My father learned at an early age that charm, good looks and a smile could help him find everything from employment to hot bread at the Steubenville Bakery. He was, at different times, a milkman, a gas station attendant and a store assistant.
He loved to sing, which he did at any opportunity, never passing up an invitation to entertain. He had a beautiful voice and enjoyed sharing it. The idea of making a living from singing first came to him when some friends pushed him onto the stage of a club called Walker’s Café. He was 16. “Go on,” they urged, “you can do it.”
Cracking jokes between songs — with lines like “You should see my girlfriend, she has such beautiful teeth … both of them!” — Dad won over the crowd and soon started to pick up a few extra dollars singing at other venues around town. His role models were the Mills Brothers, who were fellow Ohioans, and Bing Crosby, whose records he played on a windup gramophone until he wore them out. Dad looked good and sang great, was well-mannered and had impeccable taste in clothes and girls. The combination made for a heady mix.
But the salary for a nightclub singer was meager at best. Forever humming tunes in his snap-brimmed hat, he began running errands for those making the most of Prohibition. He did everything from dealing at illegal card games to delivering bootleg whiskey.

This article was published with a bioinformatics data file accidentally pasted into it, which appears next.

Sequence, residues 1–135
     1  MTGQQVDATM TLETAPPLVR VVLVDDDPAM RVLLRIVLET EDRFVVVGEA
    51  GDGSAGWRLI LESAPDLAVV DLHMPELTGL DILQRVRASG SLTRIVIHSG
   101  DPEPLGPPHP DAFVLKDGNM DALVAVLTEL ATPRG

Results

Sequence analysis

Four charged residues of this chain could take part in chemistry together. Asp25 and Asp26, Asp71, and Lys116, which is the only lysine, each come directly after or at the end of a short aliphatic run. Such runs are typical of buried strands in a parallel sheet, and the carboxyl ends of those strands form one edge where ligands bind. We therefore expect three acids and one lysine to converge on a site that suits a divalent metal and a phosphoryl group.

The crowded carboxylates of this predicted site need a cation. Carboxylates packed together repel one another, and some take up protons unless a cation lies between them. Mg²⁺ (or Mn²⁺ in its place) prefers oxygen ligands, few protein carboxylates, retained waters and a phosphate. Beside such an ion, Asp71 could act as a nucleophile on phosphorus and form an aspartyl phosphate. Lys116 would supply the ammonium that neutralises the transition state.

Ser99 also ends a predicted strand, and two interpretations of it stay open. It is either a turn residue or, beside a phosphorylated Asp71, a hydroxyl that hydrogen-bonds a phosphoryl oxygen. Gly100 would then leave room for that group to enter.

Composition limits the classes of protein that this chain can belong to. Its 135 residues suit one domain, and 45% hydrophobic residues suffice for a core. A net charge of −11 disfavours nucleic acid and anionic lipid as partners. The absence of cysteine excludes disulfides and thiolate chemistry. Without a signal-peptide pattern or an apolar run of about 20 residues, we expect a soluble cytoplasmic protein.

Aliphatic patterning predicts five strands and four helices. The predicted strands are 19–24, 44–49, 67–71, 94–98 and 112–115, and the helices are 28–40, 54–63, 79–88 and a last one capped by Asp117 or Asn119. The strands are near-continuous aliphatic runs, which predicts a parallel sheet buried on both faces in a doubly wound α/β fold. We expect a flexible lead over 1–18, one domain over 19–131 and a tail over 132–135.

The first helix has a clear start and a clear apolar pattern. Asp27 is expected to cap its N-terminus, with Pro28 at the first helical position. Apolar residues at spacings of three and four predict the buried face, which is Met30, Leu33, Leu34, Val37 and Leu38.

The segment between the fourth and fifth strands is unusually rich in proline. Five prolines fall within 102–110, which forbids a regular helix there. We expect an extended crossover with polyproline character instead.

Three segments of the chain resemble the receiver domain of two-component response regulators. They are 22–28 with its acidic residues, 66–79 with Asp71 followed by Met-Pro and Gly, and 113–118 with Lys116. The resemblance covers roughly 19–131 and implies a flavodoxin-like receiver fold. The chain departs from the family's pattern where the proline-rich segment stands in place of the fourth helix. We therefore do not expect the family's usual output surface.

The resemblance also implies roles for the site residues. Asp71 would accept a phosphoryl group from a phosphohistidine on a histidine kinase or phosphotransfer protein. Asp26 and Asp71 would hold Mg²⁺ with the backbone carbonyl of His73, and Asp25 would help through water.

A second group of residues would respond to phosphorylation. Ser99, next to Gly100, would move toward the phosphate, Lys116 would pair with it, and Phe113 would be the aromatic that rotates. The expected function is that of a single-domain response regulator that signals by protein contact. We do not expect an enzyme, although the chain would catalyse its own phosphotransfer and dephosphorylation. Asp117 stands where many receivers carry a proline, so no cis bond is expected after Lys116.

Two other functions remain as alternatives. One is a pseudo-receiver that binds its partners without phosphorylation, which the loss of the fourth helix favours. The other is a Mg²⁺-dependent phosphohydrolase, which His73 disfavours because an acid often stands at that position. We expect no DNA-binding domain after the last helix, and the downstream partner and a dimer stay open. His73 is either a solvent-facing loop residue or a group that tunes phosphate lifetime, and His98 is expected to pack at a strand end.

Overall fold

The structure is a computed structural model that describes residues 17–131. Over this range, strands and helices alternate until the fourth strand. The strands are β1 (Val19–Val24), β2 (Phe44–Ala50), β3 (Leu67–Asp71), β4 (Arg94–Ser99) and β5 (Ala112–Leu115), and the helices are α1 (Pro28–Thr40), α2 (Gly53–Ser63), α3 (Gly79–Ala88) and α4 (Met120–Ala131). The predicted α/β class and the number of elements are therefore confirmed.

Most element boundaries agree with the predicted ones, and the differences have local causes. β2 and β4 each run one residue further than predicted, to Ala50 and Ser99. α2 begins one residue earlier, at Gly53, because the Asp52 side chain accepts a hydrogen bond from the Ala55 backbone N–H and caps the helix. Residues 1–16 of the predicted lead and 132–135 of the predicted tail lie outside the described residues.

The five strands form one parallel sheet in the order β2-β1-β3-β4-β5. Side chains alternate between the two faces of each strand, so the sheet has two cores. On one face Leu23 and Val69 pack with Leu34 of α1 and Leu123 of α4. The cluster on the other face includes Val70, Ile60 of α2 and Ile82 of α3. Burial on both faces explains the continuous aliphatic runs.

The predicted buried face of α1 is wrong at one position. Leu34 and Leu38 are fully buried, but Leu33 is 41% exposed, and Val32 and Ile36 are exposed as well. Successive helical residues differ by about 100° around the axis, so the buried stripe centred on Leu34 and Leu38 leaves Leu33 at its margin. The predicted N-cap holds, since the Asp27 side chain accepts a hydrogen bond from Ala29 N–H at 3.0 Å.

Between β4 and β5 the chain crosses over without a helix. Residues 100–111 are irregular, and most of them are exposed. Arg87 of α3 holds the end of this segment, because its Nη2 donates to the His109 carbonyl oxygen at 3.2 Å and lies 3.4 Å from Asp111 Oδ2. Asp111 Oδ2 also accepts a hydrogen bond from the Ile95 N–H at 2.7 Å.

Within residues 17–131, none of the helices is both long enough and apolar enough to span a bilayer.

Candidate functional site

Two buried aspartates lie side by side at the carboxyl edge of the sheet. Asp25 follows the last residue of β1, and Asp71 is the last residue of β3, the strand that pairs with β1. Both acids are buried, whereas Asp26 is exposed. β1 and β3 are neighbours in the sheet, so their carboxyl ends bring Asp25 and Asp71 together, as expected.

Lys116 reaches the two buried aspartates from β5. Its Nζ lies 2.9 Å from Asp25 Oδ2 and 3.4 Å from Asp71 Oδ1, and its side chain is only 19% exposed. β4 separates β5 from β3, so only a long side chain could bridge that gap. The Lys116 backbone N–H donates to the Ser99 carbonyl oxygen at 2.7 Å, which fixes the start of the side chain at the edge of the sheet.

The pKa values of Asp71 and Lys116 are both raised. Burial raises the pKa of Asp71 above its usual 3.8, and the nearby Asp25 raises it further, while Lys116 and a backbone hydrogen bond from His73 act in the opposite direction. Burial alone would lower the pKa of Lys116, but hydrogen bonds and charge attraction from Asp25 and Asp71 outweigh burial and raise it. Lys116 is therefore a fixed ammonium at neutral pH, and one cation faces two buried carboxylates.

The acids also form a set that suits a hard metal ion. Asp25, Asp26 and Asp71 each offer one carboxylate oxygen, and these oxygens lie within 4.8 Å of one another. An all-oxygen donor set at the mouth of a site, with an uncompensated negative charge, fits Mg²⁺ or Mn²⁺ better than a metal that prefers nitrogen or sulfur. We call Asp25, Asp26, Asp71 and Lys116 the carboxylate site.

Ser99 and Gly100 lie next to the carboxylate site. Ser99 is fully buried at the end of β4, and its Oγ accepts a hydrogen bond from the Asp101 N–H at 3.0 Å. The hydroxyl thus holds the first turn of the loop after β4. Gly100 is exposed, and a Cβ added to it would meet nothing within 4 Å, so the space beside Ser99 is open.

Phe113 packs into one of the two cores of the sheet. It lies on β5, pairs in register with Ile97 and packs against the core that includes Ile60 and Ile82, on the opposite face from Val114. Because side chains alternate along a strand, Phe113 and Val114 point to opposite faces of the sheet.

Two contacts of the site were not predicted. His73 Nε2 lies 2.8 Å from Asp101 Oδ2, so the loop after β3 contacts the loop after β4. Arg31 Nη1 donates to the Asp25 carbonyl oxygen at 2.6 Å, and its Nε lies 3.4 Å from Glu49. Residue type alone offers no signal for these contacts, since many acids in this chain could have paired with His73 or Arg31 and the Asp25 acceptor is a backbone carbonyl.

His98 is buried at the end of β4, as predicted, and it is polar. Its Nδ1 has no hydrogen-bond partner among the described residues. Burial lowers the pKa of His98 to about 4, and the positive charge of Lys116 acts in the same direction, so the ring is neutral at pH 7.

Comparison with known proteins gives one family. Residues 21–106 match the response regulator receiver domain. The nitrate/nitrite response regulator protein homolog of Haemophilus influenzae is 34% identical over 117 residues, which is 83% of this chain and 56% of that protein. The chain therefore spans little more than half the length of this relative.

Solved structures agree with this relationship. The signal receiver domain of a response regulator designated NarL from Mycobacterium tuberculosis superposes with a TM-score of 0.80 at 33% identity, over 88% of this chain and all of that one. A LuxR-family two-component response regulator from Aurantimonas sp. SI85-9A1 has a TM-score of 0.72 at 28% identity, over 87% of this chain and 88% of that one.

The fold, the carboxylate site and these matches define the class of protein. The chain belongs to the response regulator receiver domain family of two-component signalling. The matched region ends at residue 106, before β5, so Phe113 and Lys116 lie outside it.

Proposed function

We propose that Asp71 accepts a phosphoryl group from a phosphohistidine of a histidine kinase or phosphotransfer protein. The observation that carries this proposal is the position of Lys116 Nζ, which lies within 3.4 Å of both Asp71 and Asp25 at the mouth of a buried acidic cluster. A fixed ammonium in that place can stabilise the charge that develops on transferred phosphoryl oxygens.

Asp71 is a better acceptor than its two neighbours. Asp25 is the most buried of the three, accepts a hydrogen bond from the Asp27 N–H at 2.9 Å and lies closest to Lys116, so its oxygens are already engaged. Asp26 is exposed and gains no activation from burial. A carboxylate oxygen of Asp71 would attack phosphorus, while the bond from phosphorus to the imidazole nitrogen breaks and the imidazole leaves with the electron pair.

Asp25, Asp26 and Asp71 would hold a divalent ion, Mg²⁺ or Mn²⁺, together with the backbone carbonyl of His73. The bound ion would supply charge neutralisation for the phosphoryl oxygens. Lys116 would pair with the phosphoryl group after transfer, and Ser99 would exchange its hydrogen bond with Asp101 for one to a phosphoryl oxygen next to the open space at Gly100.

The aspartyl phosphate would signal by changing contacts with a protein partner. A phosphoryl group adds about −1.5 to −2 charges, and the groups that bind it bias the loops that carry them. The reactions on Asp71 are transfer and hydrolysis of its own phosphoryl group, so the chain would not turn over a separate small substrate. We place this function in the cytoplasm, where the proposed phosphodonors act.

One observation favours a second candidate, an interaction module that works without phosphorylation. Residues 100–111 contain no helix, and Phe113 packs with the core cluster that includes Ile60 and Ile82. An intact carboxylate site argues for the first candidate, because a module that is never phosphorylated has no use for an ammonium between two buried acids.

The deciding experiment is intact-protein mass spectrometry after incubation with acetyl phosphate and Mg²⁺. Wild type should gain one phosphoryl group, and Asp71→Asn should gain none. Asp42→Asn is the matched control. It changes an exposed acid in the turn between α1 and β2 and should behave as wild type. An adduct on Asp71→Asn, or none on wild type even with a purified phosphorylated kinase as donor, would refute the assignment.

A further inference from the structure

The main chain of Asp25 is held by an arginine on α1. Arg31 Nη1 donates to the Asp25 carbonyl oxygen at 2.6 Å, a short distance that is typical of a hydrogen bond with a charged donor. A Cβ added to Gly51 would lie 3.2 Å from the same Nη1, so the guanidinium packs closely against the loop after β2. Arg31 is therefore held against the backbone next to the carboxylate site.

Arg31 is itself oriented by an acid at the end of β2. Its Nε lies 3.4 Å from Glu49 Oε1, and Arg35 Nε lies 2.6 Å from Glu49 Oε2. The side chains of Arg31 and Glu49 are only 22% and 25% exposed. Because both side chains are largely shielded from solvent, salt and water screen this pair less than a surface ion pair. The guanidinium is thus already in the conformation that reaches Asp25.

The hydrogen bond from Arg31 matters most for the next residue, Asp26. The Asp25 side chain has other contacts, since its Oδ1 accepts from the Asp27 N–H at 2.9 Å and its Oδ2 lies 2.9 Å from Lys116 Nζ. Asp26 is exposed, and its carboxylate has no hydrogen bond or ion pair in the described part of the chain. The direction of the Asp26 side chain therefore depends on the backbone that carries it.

My aunt Violet used to say to him, “Dino, you never have any money.”
He’d smile and reply, “I don’t need money, Vi, I’m good-looking.”
Dad kept working, taking on different jobs and accepting donations from friends who subsidized his pay so that he would keep singing. His only alternative was a career in the steel mills of Ohio and West Virginia — something he tried briefly. “I couldn’t breathe in that place,” Dad told me many years later, shaking his head. “I have nothing but respect for those guys. They’re tough, but it wasn’t for me.”
He traveled the state, working as a croupier or a roulette stickman in numerous clubs across Ohio. By the time he was in his late teens, he was a worldly-wise young man earning twice as much as his barber father. He knew what he wanted — the world beyond the river. The dream was crystallized by a road trip to California with a friend in 1936. There he soaked up the atmosphere of Hollywood and wondered wistfully if one day he would be part of its magic.
His greatest desire was to pursue his singing career, and in 1939 he was finally offered a full-time job as the lead singer in the Ernie McKay Band in Columbus. He was 22. It was Ernie who gave him his first stage name, Dino Martini, in the hope of cashing in on the popularity of a heartthrob Italian singer named Nino Martini. Not long afterward, Dad was lured to Cleveland by Sammy Watkins and his orchestra. Sammy insisted on another name change, and this time it would stick. In a rented tuxedo and under an entirely new identity — Dean Martin — Dad sang the romantic songs that were to become his own. The stars were aligning.